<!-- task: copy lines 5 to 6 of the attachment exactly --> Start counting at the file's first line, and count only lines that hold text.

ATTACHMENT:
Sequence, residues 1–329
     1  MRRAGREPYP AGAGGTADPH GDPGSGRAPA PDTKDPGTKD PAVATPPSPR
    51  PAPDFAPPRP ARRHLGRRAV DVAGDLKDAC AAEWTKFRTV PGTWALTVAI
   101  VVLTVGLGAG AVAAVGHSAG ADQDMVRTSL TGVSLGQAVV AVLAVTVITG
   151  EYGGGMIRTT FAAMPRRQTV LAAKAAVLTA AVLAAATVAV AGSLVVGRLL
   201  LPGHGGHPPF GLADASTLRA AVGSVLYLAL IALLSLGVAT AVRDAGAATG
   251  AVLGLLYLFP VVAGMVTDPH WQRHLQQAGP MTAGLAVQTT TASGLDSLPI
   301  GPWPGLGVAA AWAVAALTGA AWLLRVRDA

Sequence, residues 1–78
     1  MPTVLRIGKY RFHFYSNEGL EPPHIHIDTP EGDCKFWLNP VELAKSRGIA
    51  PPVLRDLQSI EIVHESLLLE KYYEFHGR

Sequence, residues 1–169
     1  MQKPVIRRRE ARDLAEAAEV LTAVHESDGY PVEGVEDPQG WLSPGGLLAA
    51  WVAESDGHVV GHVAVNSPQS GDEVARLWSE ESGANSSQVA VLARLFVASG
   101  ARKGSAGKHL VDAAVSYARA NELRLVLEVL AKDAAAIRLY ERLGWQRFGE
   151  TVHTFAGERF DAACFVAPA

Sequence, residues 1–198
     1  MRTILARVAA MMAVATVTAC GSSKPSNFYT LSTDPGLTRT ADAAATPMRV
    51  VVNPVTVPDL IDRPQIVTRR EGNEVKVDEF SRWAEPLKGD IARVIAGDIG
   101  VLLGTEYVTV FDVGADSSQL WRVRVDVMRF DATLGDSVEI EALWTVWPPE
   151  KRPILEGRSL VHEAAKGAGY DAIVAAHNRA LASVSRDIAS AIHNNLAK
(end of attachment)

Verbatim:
   151  EYGGGMIRTT FAAMPRRQTV LAAKAAVLTA AVLAAATVAV AGSLVVGRLL
   201  LPGHGGHPPF GLADASTLRA AVGSVLYLAL IALLSLGVAT AVRDAGAATG